The first season of Rectify ended with the awful sight of Daniel being beaten into unconsciousness by a local gang led by the brother of his supposed victim. Tonight picks up at the hospital with Daniel, in a coma, dreaming of Kerwin, his long-gone best friend from death row played by the exceptional Johnny Ray Gill. Standing amid the tubes snaking out of Daniel’s body are his relatives, overcome with dread over what nightmare they’ll have to suffer next. It was a feeling I temporarily shared. Though I loved those initial six episodes, I was unsure of Sundance’s plan to extend the run indefinitely. Daniel’s story seemed too specific to be stretched, the pain running in two directions — the nightmare of Daniel’s past, the uncertainty of his future — too challenging to endure.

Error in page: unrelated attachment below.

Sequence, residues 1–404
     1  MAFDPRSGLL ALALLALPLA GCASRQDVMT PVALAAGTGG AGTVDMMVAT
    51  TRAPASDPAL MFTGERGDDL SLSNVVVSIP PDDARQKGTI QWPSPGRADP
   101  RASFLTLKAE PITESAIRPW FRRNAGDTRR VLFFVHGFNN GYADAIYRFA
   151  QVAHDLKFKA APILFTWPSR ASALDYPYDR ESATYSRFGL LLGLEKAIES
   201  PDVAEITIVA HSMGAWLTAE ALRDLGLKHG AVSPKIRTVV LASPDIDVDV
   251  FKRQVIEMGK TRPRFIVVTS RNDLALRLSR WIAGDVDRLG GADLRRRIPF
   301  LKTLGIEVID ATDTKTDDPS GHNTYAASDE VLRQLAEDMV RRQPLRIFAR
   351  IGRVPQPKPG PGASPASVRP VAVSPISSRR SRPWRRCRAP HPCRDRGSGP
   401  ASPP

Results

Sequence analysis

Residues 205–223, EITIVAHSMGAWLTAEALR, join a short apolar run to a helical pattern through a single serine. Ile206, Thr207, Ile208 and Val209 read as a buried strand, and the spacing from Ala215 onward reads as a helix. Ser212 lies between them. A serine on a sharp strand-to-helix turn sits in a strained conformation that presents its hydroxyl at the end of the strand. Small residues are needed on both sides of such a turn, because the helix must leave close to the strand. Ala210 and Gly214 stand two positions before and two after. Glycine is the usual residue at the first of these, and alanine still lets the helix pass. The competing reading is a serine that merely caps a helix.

After watching the first three episodes of the second season (there will be 10 total), I’m happy to report my fears were unfounded. The show that returns tonight is better than ever; its slowness and care strike me as even more distinctive and refreshing than they were a year ago. McKinnon has a big story to tell, but seems happiest dwelling on the smallest of details: Amantha and her mother bonding over a catalogue, Teds Sr. and Jr. struggling to microwave a frozen lasagna, Tawney’s face cracking like a stained-glass window. As the rest of cable TV adopts a blockbuster model, it’s a relief to find Sundance seeking shelter in the intimacy of the art house. Rectify is never easy. And that’s precisely what makes it so essential.